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Over the years, we've shown various ways that police officers are using technology in their daily work routines.
Cameras in cars, cameras on earpieces, taser guns, that sort of thing. Now, citizens can arm themselves with neighborhood crime stats, by touching their smartphone screen.
A new, free app called Crime Reports uses crime data, GPS, and Google maps to track everything and everybody in your neighborhood, district, and city, laying out all the crime going down in your area.
As used by the San Jose Police Department, in the heart of Silicon Valley where so many of the technologies behind it were invented, the app collects data on robberies, car thefts, assaults, all sorts of crimes, and lets you find out where and when they happened on your GPS-powered phone. The information offered in other cities depends on what data is provided by local agencies, but more than 600 agencies participate across the country.
The app is currently available on the Apple iPhone; the makers of Crime Reports tells us they're working on other platforms, too.
Want to find out where the sex offenders live in your area? Or, why six cop cars were stopped on 14th Street a few nights ago? Crime Reports can tell you. Slide your finger into a new neighborhood, and the local crime stats follow you.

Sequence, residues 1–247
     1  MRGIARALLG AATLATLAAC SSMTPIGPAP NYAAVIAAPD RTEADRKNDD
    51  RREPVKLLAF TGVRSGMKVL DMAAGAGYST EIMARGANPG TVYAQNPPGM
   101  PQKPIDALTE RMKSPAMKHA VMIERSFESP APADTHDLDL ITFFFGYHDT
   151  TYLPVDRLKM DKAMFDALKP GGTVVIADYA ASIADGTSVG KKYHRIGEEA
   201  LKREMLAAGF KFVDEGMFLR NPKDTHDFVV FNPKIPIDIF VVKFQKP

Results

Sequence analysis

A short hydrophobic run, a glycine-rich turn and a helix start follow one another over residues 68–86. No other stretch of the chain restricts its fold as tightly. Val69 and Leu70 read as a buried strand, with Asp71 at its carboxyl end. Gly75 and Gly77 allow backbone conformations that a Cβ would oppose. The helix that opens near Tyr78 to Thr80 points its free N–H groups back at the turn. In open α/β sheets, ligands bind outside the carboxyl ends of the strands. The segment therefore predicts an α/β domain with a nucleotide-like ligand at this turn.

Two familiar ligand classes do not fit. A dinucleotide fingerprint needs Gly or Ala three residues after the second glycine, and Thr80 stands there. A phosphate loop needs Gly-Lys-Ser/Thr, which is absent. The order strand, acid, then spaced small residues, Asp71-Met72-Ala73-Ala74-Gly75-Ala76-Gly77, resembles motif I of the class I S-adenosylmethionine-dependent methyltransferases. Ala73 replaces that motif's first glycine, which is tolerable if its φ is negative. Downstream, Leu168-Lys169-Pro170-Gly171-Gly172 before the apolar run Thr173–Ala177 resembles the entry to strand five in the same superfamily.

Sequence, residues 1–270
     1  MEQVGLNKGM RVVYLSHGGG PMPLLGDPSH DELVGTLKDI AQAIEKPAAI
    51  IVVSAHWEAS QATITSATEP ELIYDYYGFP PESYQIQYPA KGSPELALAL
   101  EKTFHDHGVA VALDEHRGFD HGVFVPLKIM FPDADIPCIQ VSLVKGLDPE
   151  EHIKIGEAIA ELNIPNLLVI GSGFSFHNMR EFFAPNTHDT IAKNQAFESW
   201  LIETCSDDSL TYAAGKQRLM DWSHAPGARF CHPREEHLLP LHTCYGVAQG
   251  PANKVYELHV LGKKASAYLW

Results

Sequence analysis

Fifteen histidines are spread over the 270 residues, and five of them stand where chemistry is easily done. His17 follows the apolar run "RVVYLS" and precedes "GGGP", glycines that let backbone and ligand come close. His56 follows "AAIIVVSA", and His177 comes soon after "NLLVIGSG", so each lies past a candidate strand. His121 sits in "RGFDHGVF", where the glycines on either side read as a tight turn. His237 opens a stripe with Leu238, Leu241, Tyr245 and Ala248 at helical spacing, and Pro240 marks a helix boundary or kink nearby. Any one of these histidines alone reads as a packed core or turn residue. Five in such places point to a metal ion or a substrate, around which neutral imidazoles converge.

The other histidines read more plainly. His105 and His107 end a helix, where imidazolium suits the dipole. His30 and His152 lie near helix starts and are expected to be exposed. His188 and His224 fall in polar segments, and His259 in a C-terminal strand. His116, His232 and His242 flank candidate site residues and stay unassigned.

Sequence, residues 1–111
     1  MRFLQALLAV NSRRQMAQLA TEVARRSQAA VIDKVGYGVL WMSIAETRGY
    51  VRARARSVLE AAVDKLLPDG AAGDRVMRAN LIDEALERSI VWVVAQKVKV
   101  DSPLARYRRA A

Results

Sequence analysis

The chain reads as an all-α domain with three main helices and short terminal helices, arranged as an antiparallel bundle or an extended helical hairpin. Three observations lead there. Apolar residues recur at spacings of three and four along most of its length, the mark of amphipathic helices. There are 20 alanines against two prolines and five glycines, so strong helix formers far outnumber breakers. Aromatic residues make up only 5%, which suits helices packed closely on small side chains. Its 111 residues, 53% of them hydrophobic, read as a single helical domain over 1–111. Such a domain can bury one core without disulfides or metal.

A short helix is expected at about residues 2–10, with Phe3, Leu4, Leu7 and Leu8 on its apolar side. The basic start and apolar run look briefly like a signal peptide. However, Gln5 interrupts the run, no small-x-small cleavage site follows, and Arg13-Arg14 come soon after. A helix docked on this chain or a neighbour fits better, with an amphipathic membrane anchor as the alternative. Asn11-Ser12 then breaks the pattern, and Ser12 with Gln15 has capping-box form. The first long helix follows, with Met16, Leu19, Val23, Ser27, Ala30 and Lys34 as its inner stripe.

You can compare neighborhoods, or, what most people did when we showed them the app, find out how many sex offenders are living in which neighborhoods.
One woman we asked grabbed the phone out of my hand, found her own cul-de-sac within a few touches, stared for a minute, and then handed me the phone with a smile, saying, "I picked a pretty good place to live."
Eventually, officers say they'd like the app to be a two-way street, where citizens can report incidents in their neck of the woods, and, as the app updates itself, both other residents and nearby officers could see what's going on as it's being reported.
According to Steven DiNoto of the SJPD, the app works because "you can get accurate and timely data, in a common language between officers and community members."
Not to mention a good conversation starter, no matter what neighborhood you're in at the time.